• Caffeine
  • Alcohol
  • Tobacco
  • High blood pressure (hypertension)
  • Anxiety
  • Underlying heart disease, including congenital heart disease, coronary artery disease, heart attack, myocarditis and cardiomyopathy
When to seek medical advice:
If you feel flip-flops, a sensation of skipped heartbeats or odd feelings in your chest, contact your doctor. You'll want to identify the source of these symptoms. Premature ventricular contractions may be the problem, but other conditions also may be to blame, including other rhythm problems, serious heart problems, anxiety, anemia or infections.

Premature ventricular contractions often cause no symptoms. But you may feel an odd sensation in your chest, such as:
  • Flip-flops
  • Fluttering
  • Pounding or jumping
  • Skipped beats or missed beats
  • Increased awareness of your heartbeat
If your doctor suspects that you have premature ventricular contractions, you may have a form of electrocardiogram. This test can detect the extra beats, identify their pattern and their source, and look for any underlying heart disease.

Electrocardiogram (ECGs)
If you experience infrequent premature ventricular contractions, they may not be detected during the brief time a standard ECG is being done. You may need a Holter monitor ECG or event recorder ECG for at least 24 hours or more to capture any abnormal rhythms:
  • Standard ECG. During a standard ECG test, sensors (electrodes) are attached to your chest and limbs to create a graphical record of the electrical signals traveling through your heart. It is usually done in a clinic or hospital setting and lasts only a few minutes.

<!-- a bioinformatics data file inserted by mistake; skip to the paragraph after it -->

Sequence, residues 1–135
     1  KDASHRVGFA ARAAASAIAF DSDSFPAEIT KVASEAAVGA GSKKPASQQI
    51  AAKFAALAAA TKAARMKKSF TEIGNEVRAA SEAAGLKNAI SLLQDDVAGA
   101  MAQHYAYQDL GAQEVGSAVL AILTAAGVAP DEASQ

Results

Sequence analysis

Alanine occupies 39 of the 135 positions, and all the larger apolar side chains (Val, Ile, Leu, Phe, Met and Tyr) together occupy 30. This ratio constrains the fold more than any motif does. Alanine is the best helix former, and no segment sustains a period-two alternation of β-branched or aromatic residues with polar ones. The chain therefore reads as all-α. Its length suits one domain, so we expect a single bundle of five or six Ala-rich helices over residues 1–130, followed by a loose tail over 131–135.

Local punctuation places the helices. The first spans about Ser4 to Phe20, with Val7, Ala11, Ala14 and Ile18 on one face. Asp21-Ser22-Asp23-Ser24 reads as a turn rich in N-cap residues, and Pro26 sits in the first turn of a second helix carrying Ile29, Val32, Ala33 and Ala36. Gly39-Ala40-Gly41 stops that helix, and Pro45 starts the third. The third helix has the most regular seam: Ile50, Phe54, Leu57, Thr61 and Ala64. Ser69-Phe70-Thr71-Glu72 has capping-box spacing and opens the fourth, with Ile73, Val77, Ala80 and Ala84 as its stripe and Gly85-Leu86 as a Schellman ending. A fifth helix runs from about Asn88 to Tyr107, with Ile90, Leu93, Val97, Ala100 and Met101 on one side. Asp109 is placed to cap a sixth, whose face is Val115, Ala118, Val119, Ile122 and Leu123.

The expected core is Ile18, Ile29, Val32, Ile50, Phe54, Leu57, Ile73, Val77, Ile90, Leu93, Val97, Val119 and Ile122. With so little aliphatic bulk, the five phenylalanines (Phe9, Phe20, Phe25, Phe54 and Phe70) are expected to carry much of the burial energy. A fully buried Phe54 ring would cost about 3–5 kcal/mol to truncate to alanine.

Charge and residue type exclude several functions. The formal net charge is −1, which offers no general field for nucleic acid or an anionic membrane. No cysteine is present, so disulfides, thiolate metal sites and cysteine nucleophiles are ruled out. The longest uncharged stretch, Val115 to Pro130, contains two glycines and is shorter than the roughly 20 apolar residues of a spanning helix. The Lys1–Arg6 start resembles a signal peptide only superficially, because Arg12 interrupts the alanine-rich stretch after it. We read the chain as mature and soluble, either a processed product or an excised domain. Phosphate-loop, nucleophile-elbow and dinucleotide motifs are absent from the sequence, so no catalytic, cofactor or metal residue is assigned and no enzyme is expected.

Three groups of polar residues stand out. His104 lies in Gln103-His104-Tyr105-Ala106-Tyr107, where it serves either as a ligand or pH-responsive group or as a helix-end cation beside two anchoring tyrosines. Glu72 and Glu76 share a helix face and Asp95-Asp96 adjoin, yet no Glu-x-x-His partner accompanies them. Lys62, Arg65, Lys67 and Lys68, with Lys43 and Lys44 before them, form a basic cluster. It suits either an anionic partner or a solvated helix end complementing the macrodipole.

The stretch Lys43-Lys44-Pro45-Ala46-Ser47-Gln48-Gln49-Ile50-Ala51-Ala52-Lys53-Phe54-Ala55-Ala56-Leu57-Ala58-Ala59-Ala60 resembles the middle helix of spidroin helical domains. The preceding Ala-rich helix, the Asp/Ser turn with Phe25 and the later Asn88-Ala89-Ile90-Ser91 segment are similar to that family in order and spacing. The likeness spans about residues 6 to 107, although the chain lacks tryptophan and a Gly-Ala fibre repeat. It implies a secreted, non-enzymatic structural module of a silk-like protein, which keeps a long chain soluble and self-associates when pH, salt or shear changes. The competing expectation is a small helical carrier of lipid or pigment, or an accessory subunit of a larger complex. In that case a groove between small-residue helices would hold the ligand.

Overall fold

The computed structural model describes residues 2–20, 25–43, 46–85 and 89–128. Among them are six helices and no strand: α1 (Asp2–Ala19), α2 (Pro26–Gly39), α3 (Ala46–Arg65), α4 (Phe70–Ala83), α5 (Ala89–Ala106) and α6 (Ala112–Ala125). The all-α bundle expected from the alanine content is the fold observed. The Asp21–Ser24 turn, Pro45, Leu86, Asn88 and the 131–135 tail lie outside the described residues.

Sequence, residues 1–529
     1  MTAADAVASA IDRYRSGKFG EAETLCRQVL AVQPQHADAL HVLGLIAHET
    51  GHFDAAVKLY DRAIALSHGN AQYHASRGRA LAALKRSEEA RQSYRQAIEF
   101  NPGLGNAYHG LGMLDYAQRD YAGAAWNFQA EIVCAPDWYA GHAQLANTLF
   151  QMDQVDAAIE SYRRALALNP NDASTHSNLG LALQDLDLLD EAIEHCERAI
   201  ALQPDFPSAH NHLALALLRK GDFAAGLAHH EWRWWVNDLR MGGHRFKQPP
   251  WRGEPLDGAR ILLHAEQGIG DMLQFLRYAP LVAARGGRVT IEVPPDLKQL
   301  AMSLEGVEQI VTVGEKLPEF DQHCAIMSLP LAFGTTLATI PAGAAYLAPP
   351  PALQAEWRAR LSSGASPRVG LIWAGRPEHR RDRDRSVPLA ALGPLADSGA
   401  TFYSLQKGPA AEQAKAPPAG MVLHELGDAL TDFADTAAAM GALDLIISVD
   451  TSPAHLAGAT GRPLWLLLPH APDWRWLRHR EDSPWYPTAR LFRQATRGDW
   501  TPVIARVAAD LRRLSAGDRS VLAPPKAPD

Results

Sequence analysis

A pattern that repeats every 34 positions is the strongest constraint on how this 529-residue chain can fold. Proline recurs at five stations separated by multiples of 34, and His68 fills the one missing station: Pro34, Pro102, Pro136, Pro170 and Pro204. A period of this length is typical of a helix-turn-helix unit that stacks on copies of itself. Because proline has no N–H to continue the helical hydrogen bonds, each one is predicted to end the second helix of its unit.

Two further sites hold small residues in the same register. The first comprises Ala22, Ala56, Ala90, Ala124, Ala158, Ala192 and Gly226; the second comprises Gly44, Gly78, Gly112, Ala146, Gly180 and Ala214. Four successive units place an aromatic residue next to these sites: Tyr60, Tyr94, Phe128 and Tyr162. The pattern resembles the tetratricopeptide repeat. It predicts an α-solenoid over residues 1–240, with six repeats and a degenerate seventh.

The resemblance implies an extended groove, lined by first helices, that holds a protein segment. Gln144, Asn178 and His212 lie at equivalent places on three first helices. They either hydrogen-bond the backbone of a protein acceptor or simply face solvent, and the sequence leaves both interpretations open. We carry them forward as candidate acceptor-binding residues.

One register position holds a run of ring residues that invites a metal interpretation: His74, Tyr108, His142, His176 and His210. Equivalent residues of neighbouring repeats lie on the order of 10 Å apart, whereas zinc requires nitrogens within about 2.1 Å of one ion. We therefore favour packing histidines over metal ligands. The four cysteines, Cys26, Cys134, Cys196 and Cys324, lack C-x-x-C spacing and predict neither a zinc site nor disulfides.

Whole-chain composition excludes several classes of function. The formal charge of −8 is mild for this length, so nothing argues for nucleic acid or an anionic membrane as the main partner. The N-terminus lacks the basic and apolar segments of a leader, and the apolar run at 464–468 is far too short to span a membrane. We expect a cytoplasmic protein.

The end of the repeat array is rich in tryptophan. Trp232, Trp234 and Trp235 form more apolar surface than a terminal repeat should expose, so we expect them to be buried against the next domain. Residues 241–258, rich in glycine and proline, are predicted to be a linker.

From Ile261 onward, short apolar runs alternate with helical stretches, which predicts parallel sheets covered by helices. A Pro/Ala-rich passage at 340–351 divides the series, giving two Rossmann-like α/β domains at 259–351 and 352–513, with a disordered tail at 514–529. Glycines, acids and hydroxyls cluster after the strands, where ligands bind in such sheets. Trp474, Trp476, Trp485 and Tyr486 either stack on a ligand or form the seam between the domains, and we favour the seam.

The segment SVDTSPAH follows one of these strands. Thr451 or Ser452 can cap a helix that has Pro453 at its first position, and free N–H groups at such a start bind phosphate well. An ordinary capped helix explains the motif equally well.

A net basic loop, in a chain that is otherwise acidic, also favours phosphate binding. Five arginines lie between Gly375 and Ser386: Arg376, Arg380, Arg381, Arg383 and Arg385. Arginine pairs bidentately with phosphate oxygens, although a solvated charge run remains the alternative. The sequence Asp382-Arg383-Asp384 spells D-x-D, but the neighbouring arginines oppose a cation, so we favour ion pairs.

• Exercise stress EKG. This diagnostic test uses electrocardiography to record your heart's electrical activity while you walk on a treadmill or pedal an exercise bike. It can help determine the significance of your premature ventricular contractions. When premature beats disappear or dwindle during an exercise test, they're usually considered harmless. On the other hand, if exercise provokes extra beats, it may indicate higher risk of serious heart rhythm problems.
  • Holter monitor. This portable device is carried in your pocket or in a pouch on a belt or shoulder strap. It automatically records your heart's activity for an entire 24-hour period, which provides your doctor with an extended look at your heart rhythms.
  • Event recorder ECG. This portable electrocardiogram device can also be carried in your pocket or worn on a belt or shoulder strap for home monitoring of your heart's activity. But, unlike a Holter monitor, it doesn't record continuously. When you feel symptoms, you push a button, and an ECG recording of the preceding few minutes and following few minutes is saved. This allows your doctor to see your heart rhythm at the time of your symptoms.